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Tracing web applications exploitability through code review and taint analysis involves examining the application’s source code for potential security vulnerabilities and analyzing how user input is handled throughout the application’s code base.
Code review involves reviewing the application’s source code line by line to identify any security flows, such as SQL injection, cross-site scripting (XSS), or command injection. It is essential to identify any areas where user input is accepted and processed, as these areas are often the source of security vulnerabilities.
Taint analysis is a technique that tracks the flow of user input throughout the application's codebase. Taint analysis helps to identify potential vulnerabilities by tracing how user input is propagated and used within the application’s code. For example, if user input is used to construct a SQL query, taint analysis can be used to determine whether the input is properly sanitized before being used in the query. If not, the application may be vulnerable to SQL injection.
By combining code review and taint analysis, you can identify potential security vulnerabilities in web applications and determine the exploitability of those vulnerabilities. Once vulnerabilities are identified, they can be prioritized based on their potential impact and likelihood of exploitation. This Information can be then used to develop a plan to address the vulnerabilities, which may include code changes, additional security controls, or other mitigations.
Dana Epp spent decades as a security architect focusing on helping secure software, data and infrastructure. You might say he’s been on and led Blue and Red Teams well before it was even a thing. He built and sold several software companies focused on securing the ever changing landscape of IT, both on-premises and in the cloud. He is the founder and CTO of small startups with a handful of developers all the way to managing teams with hundreds of developers from all around the world.
Through all of that, what drives me is making sure information and information resources are kept secure. No matter what the size of the organization. Nor who is ultimately responsible for managing it. As both a Microsoft Regional Director and a Microsoft Security MVP for over 17 years, Dana spent a great deal of time on security (de)engineering in the cloud.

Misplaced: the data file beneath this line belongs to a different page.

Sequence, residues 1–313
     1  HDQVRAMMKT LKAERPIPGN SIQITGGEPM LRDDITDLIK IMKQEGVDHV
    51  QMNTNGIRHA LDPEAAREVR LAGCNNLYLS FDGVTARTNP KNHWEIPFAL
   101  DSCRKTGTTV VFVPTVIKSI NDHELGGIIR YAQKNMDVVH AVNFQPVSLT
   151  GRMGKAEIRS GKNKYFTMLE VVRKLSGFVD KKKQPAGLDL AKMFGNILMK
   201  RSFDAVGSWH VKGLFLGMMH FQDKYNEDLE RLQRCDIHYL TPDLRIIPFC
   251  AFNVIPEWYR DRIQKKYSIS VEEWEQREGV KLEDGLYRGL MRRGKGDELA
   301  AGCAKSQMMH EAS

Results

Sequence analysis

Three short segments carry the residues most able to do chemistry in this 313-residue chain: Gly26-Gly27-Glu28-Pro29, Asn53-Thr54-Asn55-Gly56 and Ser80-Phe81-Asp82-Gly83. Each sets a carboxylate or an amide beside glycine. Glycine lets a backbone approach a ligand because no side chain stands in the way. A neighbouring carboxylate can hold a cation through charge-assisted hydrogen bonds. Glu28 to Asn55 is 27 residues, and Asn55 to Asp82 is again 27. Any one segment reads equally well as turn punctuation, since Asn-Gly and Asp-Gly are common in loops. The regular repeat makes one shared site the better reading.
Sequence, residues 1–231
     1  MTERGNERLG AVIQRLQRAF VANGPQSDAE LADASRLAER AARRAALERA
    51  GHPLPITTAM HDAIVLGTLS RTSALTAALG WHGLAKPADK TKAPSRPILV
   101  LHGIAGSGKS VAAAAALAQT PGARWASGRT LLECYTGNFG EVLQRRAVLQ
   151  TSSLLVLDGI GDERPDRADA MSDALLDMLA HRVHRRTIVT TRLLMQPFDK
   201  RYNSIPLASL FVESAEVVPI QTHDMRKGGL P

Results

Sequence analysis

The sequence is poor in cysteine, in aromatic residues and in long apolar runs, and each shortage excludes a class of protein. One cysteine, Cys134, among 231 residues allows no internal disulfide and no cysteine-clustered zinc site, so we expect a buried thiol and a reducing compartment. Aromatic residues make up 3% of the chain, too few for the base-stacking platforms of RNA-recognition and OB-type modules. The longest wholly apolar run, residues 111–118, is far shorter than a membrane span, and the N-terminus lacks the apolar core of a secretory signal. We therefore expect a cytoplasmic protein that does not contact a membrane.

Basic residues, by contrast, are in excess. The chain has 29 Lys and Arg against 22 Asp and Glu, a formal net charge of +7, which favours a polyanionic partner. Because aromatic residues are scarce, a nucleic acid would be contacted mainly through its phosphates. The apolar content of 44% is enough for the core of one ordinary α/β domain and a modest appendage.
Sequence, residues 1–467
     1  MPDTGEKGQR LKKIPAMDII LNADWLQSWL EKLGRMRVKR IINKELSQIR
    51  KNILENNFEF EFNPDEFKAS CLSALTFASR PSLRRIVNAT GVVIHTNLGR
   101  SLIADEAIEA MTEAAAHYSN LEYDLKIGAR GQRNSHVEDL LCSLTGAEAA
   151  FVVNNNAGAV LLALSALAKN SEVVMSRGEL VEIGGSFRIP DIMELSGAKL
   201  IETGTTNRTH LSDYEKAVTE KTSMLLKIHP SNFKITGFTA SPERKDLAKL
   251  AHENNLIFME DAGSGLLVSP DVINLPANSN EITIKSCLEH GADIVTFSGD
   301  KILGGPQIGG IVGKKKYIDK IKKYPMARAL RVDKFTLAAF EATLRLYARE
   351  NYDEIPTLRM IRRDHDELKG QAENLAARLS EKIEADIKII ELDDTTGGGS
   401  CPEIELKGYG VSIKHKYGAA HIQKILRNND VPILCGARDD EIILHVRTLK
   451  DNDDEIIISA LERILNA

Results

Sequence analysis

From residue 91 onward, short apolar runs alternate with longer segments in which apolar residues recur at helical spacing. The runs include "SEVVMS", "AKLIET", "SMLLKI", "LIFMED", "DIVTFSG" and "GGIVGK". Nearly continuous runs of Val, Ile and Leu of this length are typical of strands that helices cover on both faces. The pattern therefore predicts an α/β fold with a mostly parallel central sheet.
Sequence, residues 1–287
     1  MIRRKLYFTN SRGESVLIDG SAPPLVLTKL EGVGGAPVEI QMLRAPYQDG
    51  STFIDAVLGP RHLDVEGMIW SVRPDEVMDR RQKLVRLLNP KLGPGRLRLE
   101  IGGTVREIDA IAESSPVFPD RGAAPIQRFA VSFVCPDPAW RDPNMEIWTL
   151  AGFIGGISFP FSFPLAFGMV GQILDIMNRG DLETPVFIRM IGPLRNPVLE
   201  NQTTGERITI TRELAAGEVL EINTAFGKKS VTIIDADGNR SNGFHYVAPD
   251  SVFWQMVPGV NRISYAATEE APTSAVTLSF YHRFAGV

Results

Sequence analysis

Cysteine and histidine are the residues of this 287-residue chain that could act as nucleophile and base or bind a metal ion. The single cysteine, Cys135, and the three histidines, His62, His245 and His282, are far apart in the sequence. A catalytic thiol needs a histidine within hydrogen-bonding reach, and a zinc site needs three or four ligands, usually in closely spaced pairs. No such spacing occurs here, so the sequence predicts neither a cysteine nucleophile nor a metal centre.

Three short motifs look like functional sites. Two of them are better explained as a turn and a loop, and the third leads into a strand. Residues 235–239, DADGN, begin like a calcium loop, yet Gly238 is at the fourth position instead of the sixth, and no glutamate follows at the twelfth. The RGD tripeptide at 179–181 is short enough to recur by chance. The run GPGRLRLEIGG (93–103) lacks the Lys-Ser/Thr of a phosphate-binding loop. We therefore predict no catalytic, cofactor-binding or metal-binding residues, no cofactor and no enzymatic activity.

Lately, he’s on Purple team (A purple team is a group of cyber security professionals who simulate malicious attacks and penetration testing in order to identify security vulnerabilities and recommend radiation strategies for an organization’s IT infrastructure), shifting more on his offensive tradecraft to help developers and IT administrators see the demonstrable impact of exploitation on vulnerabilities in their work.
As the world of hybrid computing shifts more IT resources away from the office, it's clear more effort is needed to educate both administrators and developers on how to build safe, decoupled systems in the cloud. He helps people find and fix vulnerabilities in their apps and architecture before their adversaries do.
Code review is the process of examining software source code to identify defects, security vulnerabilities, and opportunities for improvement. It involves reviewing the code line by line, looking for issues such as syntax errors, logical errors, and code that may not follow best practices.
Code review is an important aspect of software development because it can help to improve the quality and security of the software being developed. Specifically, code review offers the following benefits:
In summary, code review is an important process in software development that can improve the quality of the software.
For a comprehensive code review guide, a helpful source from OWASP(Open Worldwide Application Security Project) can be found here.
In the context of software security, “source” and “sink” refer to the origin and destination of data that flows through a program.
A source is a point in the program where data is generated or received, such as user input from a form or data read from a file. Sources can be either trusted or untrusted, depending on the context. For example, data entered by a user may be considered an untrusted source because it can potentially contain malicious input.
A sink is a point in the program where data is consumed or output, such as database query or an HTTP response. Sinks can also be either trusted or untrusted, depending on the context. For example, a sink that performs database queries may be considered a trusted sink if it properly sanitizes input or prevents SQL injection attacks.